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DOI
10.4324/9780415249126-L142-1
Published
2003
DOI: 10.4324/9780415249126-L142-1
Version: v1,  Published online: 2003
Retrieved October 24, 2017, from https://www.rep.routledge.com/articles/thematic/cloning/v-1

Article Summary

‘Cloning’ is the popular name given to Cell Nuclear Replacement (CNR) or Cell Nuclear Transfer (CNT) techniques. CNR involves a recipient cell, generally an egg (oocyte), and a donor cell. The nucleus of the donor cell is introduced into the oocyte. With appropriate stimulation the oocyte is induced to develop. In some cases, the created embryo may be implanted into a viable womb and developed to term. The first mammal to be born by CNR was Dolly the sheep (1996–2003).

It is thought that CNR may have various potential applications ranging from reproduction to treatment of some of the most serious and life-threatening diseases that afflict humankind (such as cancer, Alzheimer’s, Parkinson’s disease, spinal cord injuries). However, many technical problems must be addressed and resolved before CNR becomes viable for use in either therapy or reproduction. Although research on CNR is still at its early stages, CNR (cloning) attracts people’s attention in a way that few other advances in biomedical research do. Public debate on cloning has unfortunately been influenced more by fiction than science. The horrendous or absurd scenarios pictured in novels and films are often mistakenly believed to be possible, or even likely, outcomes of cloning. The international community, immediately after news of the birth of Dolly, imposed restrictions that may make it difficult to refine the technique used. Against ‘reproductive cloning’ a prohibition is enforced virtually everywhere. ‘Reproductive cloning’ is considered offensive to human dignity and a threat to the well-being of the child or even to the future of humankind. Most of these objections are based on either a misunderstanding of CNR or on inconsistent philosophical arguments. Against ‘therapeutic cloning’ objections are also raised. The strongest are that CNR involves the creation and destruction of embryos, and this is widely believed to be unethical. Advocates of this position contend that, although CNR may save human lives, the technique still involves the taking of an innocent life and therefore is the equivalent of killing one person to save another. The debate on the moral status of the embryo is ongoing, in bioethics, philosophy and theology. However, if the arguments against the killing of the embryo for the morally important, life-saving purposes envisaged for CNR were to be accepted, then the current legal and social context of most European countries would have to be revised, and abortion and in vitro fertilization (IVF) made criminal offences. Abortion and IVF (which involves creation of extra-embryos that may be destroyed) are in fact accepted practices in most European countries. Those who believe that abortion, even in its therapeutic form, and IVF are acceptable, admit that it may be ethical to destroy an embryo either to save a life or to treat infertility. If this is accepted, it is unclear why is it unacceptable that embryos are used to treat highly serious and lethal diseases (cancer or Parkinson’s disease for example).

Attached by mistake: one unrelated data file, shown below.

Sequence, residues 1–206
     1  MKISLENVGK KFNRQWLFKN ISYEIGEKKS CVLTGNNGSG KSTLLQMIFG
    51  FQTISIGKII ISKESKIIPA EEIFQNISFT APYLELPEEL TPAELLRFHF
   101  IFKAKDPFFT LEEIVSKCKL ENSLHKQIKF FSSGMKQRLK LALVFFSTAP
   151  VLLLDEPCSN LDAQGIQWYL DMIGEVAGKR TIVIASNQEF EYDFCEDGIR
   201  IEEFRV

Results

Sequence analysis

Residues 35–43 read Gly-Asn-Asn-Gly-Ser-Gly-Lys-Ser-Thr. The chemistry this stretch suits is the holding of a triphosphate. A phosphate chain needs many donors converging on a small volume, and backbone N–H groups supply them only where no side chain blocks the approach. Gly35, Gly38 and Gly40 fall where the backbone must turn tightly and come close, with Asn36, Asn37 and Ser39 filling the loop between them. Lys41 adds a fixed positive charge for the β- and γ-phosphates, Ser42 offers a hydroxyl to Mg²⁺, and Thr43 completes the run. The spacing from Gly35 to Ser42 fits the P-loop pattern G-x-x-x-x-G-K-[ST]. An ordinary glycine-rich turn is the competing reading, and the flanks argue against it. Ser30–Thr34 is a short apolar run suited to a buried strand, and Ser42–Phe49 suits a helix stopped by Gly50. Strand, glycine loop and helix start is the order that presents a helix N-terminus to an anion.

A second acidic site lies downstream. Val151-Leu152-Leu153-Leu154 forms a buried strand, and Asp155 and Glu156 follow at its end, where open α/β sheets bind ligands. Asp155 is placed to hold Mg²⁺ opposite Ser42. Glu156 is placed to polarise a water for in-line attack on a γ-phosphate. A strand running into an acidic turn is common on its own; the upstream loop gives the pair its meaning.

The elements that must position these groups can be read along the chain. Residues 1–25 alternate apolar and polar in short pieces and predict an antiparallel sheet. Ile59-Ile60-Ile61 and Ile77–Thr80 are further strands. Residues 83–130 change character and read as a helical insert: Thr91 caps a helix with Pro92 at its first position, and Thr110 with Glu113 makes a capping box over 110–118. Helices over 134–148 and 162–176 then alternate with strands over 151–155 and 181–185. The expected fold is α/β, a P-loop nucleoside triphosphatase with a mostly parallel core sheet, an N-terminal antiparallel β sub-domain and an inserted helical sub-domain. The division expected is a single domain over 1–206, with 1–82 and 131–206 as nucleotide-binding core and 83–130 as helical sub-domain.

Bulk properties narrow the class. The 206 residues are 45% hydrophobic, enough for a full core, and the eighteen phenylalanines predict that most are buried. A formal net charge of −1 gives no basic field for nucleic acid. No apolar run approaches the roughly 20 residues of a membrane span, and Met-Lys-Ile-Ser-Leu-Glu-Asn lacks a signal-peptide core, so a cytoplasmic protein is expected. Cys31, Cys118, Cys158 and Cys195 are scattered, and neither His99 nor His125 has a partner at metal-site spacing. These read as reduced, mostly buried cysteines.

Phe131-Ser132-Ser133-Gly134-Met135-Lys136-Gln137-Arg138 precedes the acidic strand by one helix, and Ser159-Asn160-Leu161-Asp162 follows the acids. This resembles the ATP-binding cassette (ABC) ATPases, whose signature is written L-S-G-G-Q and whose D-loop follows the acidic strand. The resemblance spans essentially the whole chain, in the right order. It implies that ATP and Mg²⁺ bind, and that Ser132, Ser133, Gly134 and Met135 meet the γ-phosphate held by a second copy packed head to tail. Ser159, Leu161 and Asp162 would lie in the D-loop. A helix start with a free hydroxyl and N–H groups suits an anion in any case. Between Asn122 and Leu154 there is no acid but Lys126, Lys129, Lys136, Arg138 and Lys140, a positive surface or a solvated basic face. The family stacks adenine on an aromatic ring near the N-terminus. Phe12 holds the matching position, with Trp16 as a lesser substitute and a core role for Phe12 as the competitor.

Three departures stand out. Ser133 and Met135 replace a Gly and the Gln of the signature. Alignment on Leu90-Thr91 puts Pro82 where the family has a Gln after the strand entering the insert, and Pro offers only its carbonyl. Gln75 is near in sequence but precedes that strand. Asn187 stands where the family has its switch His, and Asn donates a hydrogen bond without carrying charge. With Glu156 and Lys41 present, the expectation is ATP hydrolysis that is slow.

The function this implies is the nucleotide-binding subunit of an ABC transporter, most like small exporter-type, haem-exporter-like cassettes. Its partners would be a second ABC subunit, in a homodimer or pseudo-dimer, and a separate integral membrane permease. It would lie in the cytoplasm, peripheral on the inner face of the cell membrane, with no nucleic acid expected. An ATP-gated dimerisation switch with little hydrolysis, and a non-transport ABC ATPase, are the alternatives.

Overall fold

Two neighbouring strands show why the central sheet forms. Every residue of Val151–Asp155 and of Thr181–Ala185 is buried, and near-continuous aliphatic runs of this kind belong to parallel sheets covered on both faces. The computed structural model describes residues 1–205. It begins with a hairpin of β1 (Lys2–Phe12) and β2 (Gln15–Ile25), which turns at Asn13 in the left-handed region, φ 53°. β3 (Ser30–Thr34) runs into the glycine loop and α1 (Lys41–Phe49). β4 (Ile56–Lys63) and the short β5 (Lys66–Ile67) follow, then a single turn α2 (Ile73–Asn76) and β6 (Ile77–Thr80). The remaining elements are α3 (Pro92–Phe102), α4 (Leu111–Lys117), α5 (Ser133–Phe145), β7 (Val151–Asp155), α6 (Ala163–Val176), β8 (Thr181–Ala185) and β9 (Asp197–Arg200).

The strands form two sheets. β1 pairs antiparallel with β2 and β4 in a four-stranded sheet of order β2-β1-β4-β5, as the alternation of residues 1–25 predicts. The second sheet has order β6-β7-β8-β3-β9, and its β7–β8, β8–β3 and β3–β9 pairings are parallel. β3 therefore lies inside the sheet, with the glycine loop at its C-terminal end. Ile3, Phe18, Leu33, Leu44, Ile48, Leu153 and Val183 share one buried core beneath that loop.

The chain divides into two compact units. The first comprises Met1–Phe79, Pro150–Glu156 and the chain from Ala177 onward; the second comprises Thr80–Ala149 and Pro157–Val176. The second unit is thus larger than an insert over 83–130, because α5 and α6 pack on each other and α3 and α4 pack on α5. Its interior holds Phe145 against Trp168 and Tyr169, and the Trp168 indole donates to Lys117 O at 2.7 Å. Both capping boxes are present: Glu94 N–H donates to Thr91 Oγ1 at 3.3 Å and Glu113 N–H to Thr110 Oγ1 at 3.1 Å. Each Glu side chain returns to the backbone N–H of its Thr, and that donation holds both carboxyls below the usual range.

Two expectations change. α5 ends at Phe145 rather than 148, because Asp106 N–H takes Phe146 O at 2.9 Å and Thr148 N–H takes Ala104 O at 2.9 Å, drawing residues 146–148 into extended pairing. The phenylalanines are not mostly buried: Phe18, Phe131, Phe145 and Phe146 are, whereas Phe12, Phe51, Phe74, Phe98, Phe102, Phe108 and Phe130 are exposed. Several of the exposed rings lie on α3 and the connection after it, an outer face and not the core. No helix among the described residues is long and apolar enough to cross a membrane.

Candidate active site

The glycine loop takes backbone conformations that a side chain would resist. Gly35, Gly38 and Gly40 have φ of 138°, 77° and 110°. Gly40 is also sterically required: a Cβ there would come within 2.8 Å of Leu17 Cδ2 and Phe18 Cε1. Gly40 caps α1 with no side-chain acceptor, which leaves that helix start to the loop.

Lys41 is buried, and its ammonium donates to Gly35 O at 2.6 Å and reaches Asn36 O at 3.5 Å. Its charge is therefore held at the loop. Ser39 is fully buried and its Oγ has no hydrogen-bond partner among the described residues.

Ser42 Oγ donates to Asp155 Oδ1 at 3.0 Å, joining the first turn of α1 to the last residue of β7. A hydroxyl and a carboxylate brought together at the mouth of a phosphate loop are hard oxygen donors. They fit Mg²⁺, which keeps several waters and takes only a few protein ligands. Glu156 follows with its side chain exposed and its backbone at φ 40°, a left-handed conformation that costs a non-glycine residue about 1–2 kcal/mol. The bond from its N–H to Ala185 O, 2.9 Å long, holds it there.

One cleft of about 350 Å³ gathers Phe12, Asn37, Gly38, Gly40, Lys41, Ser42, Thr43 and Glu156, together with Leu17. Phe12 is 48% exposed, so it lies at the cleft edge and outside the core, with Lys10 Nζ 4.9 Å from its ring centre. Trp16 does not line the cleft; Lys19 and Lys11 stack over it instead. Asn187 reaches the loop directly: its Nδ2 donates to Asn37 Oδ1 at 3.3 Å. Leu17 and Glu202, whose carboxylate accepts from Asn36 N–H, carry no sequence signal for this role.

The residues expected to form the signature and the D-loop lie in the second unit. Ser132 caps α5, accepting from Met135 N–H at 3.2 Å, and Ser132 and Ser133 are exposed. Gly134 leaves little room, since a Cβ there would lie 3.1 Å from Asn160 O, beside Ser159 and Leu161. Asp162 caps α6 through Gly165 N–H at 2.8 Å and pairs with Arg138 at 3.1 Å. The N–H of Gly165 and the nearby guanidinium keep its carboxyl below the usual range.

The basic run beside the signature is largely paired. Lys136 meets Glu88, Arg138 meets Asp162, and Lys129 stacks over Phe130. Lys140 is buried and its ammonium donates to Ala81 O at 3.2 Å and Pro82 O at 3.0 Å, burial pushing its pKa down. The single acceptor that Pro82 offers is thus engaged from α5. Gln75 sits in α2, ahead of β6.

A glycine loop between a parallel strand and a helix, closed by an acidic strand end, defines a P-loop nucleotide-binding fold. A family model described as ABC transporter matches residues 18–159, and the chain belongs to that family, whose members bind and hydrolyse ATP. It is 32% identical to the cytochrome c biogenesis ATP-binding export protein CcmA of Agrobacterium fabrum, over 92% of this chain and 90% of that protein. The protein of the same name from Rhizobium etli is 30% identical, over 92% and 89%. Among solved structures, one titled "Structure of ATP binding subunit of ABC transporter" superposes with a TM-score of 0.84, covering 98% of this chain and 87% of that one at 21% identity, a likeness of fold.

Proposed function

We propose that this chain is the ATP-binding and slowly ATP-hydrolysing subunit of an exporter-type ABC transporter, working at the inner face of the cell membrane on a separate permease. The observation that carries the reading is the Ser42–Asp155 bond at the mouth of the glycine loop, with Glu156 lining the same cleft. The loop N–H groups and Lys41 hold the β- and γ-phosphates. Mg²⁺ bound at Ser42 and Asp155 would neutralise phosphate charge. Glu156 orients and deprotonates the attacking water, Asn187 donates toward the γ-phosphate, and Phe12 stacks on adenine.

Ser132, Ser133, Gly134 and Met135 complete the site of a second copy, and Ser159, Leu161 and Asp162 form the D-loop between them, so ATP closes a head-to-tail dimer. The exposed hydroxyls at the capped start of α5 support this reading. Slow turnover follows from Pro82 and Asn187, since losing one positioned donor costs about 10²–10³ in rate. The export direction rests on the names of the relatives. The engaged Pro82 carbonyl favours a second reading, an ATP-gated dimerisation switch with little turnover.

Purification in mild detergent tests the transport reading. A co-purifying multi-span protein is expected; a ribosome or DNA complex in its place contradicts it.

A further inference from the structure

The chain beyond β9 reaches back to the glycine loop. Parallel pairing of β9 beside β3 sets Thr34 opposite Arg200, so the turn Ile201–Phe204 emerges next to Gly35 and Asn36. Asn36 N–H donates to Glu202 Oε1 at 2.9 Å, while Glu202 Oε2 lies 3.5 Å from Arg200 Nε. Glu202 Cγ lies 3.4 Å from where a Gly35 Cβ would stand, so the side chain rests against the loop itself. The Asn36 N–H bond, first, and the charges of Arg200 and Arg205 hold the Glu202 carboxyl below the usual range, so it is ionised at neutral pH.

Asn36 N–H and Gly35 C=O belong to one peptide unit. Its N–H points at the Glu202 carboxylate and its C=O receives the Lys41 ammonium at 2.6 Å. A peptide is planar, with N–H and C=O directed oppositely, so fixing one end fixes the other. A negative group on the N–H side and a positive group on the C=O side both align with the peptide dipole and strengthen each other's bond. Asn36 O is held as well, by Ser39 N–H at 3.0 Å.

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Citing this article:
Harris, John and Simona Giordano. Cloning, 2003, doi:10.4324/9780415249126-L142-1. Routledge Encyclopedia of Philosophy, Taylor and Francis, https://www.rep.routledge.com/articles/thematic/cloning/v-1.
Copyright © 1998-2017 Routledge.

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